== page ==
Subprime by Todd Federman
Inspired by “There was an old lady who swallowed a fly”, lyrics by Rose Bonne
No money down, two years interest free,Todd Federman www.RhymesForTurbulentTimes.com
Buying a house was no problem you see.
And so the young man along with his spouse,
They could not afford, but yet bought the house.
A company provided the debt,
That allowed the couple to buy, but yet
They did not provide the money for free,
They packaged and sold it off for a fee.
And so the young man along with his spouse,
They could not afford, but yet bought the house.
The rating folks called the bonds triple A,
The sun was shining, it was time to make hay.
It allowed the company to sell off the debt,
To earn fast fees, a good business bet.
And so the young man along with his spouse,
They could not afford, but yet bought the house.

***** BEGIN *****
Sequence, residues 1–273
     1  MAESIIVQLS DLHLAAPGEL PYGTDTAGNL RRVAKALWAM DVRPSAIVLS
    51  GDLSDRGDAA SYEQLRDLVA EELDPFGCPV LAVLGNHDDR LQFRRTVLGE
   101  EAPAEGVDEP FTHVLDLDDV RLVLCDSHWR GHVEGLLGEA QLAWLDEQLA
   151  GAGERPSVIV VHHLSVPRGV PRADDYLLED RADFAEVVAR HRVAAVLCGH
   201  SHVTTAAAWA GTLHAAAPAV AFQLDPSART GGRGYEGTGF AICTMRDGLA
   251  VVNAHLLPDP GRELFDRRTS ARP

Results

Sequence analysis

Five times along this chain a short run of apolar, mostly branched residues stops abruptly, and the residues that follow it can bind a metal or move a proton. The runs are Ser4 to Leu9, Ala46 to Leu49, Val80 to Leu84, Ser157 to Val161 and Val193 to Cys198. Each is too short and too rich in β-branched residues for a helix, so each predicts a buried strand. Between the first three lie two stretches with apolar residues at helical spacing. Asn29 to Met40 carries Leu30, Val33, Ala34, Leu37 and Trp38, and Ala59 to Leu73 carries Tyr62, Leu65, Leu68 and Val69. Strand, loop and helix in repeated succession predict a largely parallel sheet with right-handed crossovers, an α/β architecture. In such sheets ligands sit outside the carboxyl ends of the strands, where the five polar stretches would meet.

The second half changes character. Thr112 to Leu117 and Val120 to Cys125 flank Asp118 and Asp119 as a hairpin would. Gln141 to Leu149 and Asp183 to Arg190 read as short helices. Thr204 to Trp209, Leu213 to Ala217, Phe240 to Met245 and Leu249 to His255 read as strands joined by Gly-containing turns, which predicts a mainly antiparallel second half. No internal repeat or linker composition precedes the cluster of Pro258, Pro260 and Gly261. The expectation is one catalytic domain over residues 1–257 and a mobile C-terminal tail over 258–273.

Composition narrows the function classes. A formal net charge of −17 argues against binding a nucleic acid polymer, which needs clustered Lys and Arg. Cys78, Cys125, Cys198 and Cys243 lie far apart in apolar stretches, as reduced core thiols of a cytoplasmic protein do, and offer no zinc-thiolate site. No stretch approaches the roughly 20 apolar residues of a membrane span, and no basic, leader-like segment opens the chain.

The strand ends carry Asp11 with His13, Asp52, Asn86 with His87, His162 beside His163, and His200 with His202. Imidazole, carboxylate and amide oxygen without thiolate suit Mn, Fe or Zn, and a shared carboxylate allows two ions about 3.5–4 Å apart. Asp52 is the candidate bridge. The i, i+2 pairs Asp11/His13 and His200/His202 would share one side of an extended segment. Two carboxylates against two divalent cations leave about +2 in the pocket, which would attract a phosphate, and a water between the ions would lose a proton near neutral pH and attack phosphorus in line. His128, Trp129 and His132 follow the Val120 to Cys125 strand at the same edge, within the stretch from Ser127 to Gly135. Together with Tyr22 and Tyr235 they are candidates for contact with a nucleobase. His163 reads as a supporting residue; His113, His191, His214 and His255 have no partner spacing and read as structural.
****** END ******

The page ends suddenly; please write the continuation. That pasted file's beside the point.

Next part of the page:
The banks came along and bought the debt,
Locked in a spread that yielded great net.
They thought the bonds were Triple A,
Or so the rating companies say,
Of the bonds offered by the company,
The ones packaged and sold for a fee,
That allowed the young man and his spouse,
Though they could not afford, but yet bought the house.
But the terms soon changed for the young man and his spouse,
They could no longer afford to own the new house.
The rating companies had erred quite a bit,
All of a sudden the banks took a hit.
On bonds they had thought risk free,
That they bought from a company that had earned a fee,
For providing the loan to a young man and his spouse,
They could not afford, but yet bought the house.
The Fed came along to bail out the banks,
A task for which they deserve little thanks.
Shouldn’t they have known all along?
Banks chasing yield would end up so wrong?
And couldn’t the rating companies see,
This kind of debt is more like Single B?
And the company that provided the debt for a fee,
Should never have lent to the man and his spouse,
Because they could not afford, but yet bought the house.
2. No socialisation of losses and privatisation of gains. ...
3. People who were driving a school bus blindfolded (and crashed it) should never be given a new bus. ...